Re: The Lessons of ValuJet 592

Subject: Re: The Lessons of ValuJet 592
From: Dick Gaskill <dickg -at- AG3D -dot- COM>
Date: Fri, 29 May 1998 12:28:47 -0700

The story sounds phony to me. I seriously doubt that a "trained
computer professional" would be stupid enough to leave a "unit" of any
kind turned on while servicing it, especially when removing or replacing
a board, no matter what kind of documentation was provided with the
unit. Sounds like another internet hoax.

FYI, it does not matter whether you name is in the manual, software, or
whatever, if your company is incorporated, at least within the USA. As
an employee of a US corporation, you cannot be individualy sued. The
same is true for not-for-profit corporations, BTW.

-dg

----------
From: Hutchings, Christa [SMTP:cwhutchings -at- HOMEWIRELESS -dot- COM]
Sent: Friday, May 29, 1998 9:06 AM
To: TECHWR-L -at- LISTSERV -dot- OKSTATE -dot- EDU
Subject: Re: The Lessons of ValuJet 592

Jane Credland wrote:

>The documentation is a
>mitigation of the company's damages, but it's not going to
exonerate
them
>from responsibility.

Absolutely! This all reminds me of something I read several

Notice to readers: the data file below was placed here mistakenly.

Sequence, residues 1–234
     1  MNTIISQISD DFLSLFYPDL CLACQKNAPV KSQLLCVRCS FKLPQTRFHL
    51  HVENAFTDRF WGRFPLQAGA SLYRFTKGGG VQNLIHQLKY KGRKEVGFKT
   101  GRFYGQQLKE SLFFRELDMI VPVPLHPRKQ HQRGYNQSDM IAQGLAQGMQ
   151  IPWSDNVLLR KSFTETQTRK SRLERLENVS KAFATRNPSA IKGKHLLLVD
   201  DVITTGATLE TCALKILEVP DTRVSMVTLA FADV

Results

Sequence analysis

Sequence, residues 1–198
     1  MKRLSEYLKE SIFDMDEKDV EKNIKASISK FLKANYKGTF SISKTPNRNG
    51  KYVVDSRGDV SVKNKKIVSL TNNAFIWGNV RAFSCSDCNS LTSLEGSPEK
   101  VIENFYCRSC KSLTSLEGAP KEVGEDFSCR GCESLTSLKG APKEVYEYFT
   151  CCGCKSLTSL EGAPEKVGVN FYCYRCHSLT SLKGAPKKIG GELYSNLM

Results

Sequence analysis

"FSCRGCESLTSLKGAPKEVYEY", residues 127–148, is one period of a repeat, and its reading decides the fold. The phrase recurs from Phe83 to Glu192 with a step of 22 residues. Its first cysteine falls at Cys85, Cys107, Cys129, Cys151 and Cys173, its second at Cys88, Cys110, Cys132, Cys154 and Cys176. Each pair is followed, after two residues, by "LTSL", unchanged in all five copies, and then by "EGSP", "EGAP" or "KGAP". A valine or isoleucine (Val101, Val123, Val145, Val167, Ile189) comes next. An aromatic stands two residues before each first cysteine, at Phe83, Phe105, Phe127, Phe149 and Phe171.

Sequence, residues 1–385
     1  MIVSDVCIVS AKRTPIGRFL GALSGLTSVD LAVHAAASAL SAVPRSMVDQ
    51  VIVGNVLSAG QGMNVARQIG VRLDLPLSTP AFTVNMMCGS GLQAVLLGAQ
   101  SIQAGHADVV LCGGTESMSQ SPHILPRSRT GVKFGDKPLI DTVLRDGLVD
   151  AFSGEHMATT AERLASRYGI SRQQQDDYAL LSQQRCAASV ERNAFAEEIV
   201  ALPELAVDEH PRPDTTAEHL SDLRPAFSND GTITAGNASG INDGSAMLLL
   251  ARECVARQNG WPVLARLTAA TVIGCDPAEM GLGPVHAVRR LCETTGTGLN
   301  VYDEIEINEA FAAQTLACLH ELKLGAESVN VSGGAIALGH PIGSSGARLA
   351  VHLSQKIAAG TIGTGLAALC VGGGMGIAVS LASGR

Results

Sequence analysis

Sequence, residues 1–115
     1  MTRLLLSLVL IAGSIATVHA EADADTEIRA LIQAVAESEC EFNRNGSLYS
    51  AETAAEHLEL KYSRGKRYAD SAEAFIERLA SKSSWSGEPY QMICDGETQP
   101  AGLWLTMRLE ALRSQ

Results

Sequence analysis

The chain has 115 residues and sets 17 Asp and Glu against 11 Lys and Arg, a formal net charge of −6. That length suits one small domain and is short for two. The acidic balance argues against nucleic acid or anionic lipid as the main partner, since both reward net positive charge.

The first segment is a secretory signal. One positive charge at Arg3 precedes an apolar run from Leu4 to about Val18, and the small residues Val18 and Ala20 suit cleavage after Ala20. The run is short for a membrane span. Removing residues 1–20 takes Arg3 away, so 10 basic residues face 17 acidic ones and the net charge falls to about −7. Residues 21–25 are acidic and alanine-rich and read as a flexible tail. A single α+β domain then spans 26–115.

years ago
about an Indian computer company that basically went belly-up
due to a
wrongful death lawsuit "attributed to documentation."

Apparently this company had a great product for an excellent
price, and
had been very well received in test markets. Industry analysts
predicted
that the company would do very well in the U.S. and it was
poised to
make a big splash here.

Unfortunately, soon after the product release, a pregnant woman
electrocuted herself and her 5-month fetus when she
inadvertently drove
a screwdriver into the unit while installing a board. Now, this
woman
was a trained computer professional, but made the mistake of
opening up
the unit on her living room floor. As she knelt over the unit
with a
screwdriver, her 3-year child jumped on her back, knocking her
forward
and driving the screwdriver into the unit. The woman and her
fetus were
killed and the 3-year old injured. The woman's husband sued the
company
and won millions, effectively driving the company out of the
U.S. market
and (I believe) into bankruptcy.

The plaintiff's lawyer convinced the jury that the company was
negligent
regarding design safety, using as his primary example the fact
that the
product manual looked like a comic book (a design that had
actually
received accolades for its innovative approach). There were
other
arguments also, but the jury found for the plaintiff on the
basis that
the company's comic book style manual created a false sense of
security
in customers and encouraged a nonchalant attitude toward
standard safety
procedures.

I don't remember if only the company was sued or if the tech
writers
were also named as individuals in the lawsuit, but it sure makes
me
think twice about putting my name in a manual!

Chris Welch-Hutchings
Sr. Technical Writer
Home Wireless Networks, Inc.
Norcross GA (USA)
mailto:cwhutchings -at- homewireless -dot- com


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